Gov. Jay Hammond, Permanent Fund founder, knew this time would come – the time when politicians would move to spend the Permanent Fund dividend (PFD) without public consent. Hammond believed in the PFD as Alaskans' right to share equally in the resource wealth saved in the Alaska Permanent Fund and as a way to protect the fund. Ever since the start of the PFD in 1983, the dividend has been the politicians' target for spending. Today, politicians are working to grab a large percentage of the people's PFD. That is exactly what Hammond and other Alaskans warned against and opposed during past failed attempts.
Voters approved the Alaska Permanent Fund by constitutional amendment in 1976 based on the foresighted proposal of leaders to save a portion of the oil revenues instead of blowing every dollar on government programs and needless projects. Together we saved a portion of the vast wealth generated by a nonrenewable oil bonanza owned in common by the people for our future and for future generations.
The leaders who created the fund wisely knew that protecting the Permanent Fund and stopping the political caste from looting the fund was going to be difficult. That's why they advanced the idea of creating the PFD. Establishment of the PFD was designed so that every Alaskan shares equally in the proceeds of the Permanent Fund. Hammond believed the PFD would insulate the Permanent Fund from plunder by future politicians.
Deceptive statements by some government and business leaders are confusing many Alaskans. They claim we need to hand over a large portion of our PFD to fill the gap from declining oil revenue or else Alaska will face financial catastrophe.
I'm not buying this PFD grab and neither are many other savvy Alaskans. My Democrat friends tell me we have a revenue problem. My Republican friends insist our state has a spending problem. But these beliefs miss the main point. Alaska has a serious leadership problem after years of unsustainable budgets. This is a cash flow management problem, not a full-blown fiscal crisis. What we have is a self-inflicted political crisis that select members of the political establishment are using to reduce your share of the PFD.
This "owner state" we call home has ample sources of other income as well as areas where we can make additional targeted cuts. We have the means to pass a balanced and sustainable budget without slashing every Alaskan's PFD. What's missing now from our elected officials is the will to adopt reasonable measures that achieve this. Fights about taxes, cuts and oil credits produced political gridlock that has led to a raid on PFD money as a convenient way to balance the budget.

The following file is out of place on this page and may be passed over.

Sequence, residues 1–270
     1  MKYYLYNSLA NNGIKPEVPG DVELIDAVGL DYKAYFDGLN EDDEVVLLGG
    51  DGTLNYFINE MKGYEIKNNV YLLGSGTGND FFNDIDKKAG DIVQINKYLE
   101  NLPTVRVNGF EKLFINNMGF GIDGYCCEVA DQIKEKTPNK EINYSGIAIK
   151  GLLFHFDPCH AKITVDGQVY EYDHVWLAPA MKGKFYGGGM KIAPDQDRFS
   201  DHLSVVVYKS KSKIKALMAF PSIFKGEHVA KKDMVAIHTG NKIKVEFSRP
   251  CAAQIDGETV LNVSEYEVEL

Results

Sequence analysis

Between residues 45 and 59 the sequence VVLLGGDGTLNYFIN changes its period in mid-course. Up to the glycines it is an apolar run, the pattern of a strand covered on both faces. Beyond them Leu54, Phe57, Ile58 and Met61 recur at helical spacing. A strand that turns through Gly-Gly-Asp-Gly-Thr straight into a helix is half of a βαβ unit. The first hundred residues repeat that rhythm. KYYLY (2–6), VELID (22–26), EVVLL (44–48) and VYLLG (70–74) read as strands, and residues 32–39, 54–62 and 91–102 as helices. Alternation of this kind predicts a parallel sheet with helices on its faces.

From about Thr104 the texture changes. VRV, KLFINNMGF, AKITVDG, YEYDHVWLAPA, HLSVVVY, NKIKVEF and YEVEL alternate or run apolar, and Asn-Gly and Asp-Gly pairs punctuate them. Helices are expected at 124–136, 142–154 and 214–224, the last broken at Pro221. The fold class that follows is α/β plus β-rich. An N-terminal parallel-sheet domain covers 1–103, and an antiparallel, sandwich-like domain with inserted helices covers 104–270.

Gov. Jay Hammond wouldn't have put up with this grab of your funds. Nor would my father, the late Gov. Wally Hickel. And neither should we.
So how, exactly, did your PFD get chopped over $1,000 last year, with another big reduction scheduled for this year?
Current law directs the trustees of the Permanent Fund Corp. to transfer fund revenue into the Earnings Reserve Account for PFD distribution. These funds are never placed in the general fund for government spending according to this law. The entire PFD process is automatically governed by statute; no further appropriation or action is required by the Legislature or the governor to make the full payment to every Alaskan.
The basic problem is that the Alaska Legislature, the governor and the Permanent Fund Corp. all failed to follow the law for the PFD distribution process. The Legislature needlessly added language related to transfer of PFD funds into an appropriation bill. The Permanent Fund Corp. didn't promptly transfer the necessary funds for disbursement of the PFD as required by law. Then the current governor incorrectly vetoed the existing PFD transfer that has worked legally for the past 37 years.
Not surprisingly, the governor's actions were challenged in court. At the core of the PFD dispute is the law that requires payment of an equal dividend to every eligible Alaskan.
I believe in holding our public officials accountable. I believe every Alaskan eligible for a PFD should receive the full measure of their dividend according to the law. Any change in the PFD law should take place in an open and transparent way through the Legislature, not some sleight-of-hand process by an illegal veto.
At stake is more than the amount of the PFD. Are we a state that adheres to the rule of law? Or are we going to succumb to convenient measures enacted by shortsighted politicians without regard to our actual financial circumstances or the needs and rights of every Alaskan?
The Supreme Court should require nothing less than adherence to the law requiring full dividend distribution to every Alaskan. Disconnect the PFD from the Permanent Fund by appropriation, veto and short-term political self-interest and the fund itself will be lost. The future of the Permanent Fund is in the Supreme Court's hands.
For my part, I'm contacting my political representatives to tell them to follow the PFD distribution law. And I am encouraging all Alaskans to do the same. I expect a full PFD as the proper share of the wealth generated by our Permanent Fund for every Alaskan, including my grandchildren. So should you.
Dr. Jack Hickel is a family medicine physician at Southcentral Foundation in Anchorage and a leader of Permanent Fund Defenders.
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